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Outdoor Sketching on Watercolour Paper

Whether sketching with Absolute Matte (my favourite) or Atelier Interactive on watercolour paper quick use has to be made of the water spray to balance out the absorbency of the paper itself.

There is another factor to be aware of: washes, especially of certain transparent or semi-transparent colours, using the whiteness factor of the paper itself, are exceptionally vivid, and can be made use of by painters with watercolour skills. Unfortunately, I always bury this stage in more opaque overpainting and end up with an acrylic or gouache painting on paper but painters with more skills could cunningly combine these effects into their work.

If, like me, you can’t take advantage of this stage it may be better to work on a gessoed surface (which could also be watercolour paper if you like the rough surface). Doing so removes the transition stage between transparent and opaque which can be difficult to control tonally as well.

I have learned to get control by obliterating the transparent or watercolour phase of the painting with thicker paint.
My wife tends to use the transparent stage better, but complains about the tonal balance which is difficult to control between the transparent and more opaque areas.

A big advantage of Absolute Matte over traditional gouache is that it is easy to build up subtle washes in layers. It’s a pity so few painters have developed gouache skills which transfer so advantageously to Absolute Matte while watercolourists struggle on, not knowing how useful Absolute Matte could be to them.

There are (4) Comments, Comments are now closed for this discussion?
  1. comment_1_1461

    commented on April 30, 2007, at 5:19 pm.

    Hi Jim, Would have entered a comment earlier but been having problems with stupid computers. Keith Norris here wishing to inform you that I have been enjoying many easy, exciting, encouraging results with students using the following method with absolute matte as a water colour.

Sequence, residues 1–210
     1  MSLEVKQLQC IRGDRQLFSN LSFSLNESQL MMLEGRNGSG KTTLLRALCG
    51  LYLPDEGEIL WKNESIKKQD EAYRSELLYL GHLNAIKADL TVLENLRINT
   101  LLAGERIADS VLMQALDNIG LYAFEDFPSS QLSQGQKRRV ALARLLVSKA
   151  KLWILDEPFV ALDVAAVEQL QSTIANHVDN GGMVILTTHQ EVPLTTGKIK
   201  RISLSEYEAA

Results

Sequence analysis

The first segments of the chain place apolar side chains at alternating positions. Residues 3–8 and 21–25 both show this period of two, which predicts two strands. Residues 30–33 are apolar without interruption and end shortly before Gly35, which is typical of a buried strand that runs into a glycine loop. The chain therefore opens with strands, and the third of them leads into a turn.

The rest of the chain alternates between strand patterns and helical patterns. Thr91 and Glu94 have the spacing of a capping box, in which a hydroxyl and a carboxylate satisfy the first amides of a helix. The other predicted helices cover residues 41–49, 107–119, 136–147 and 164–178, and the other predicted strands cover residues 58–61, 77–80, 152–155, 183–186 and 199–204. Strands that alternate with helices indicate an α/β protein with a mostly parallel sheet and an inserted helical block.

With either clear film canisters (becomming scarce at photo shops) or the 8 capped plastic pot containers (joined) available at some art stores. Add a small portion of a m (size of nail on small finger) to container half filled with DISTILLED WATER from the super market for steam irons- cheap and safe. Tap water, with chlorine bleaches colour and strips off paper size, and fluride etc. reacts unfavourably contaminating the paint solution so that it goes off i.e. high on the nose- phew. Mix with small brush and add more distilled water to almost full. Cap and shake with finger on cap. My students carry these in a small cheap fishing box (approx $10 to $20) with all the film containers plus empty spares, sitting in the top tray ready for use. (brushes etc underneath). Shake before use (not neccessary after a drive to location) for thin washes dip brush no more than halfway down, for thicker application dip deep to the bottom of the container where there is more pigmant.
    This method enables an inexperienced painter to produce pleasing transparent water colours even in hot onsite locations, (pre wet paper if required). The weak mix of colour allows multiple washes and if each wash is allowed to dry before the next application, there will be no softening or staining of the under wash. Thus you can have layer upon layer to adjust and increase tone (no mud) but still retain transparency that is the envy of traditional water colourists.

    Students that have tried this method obtain excellent fresh results and their control of application is totally non threatening to the inexperienced, because an added wash can be wiped off if not satisfactory, without lifting off the underpainting.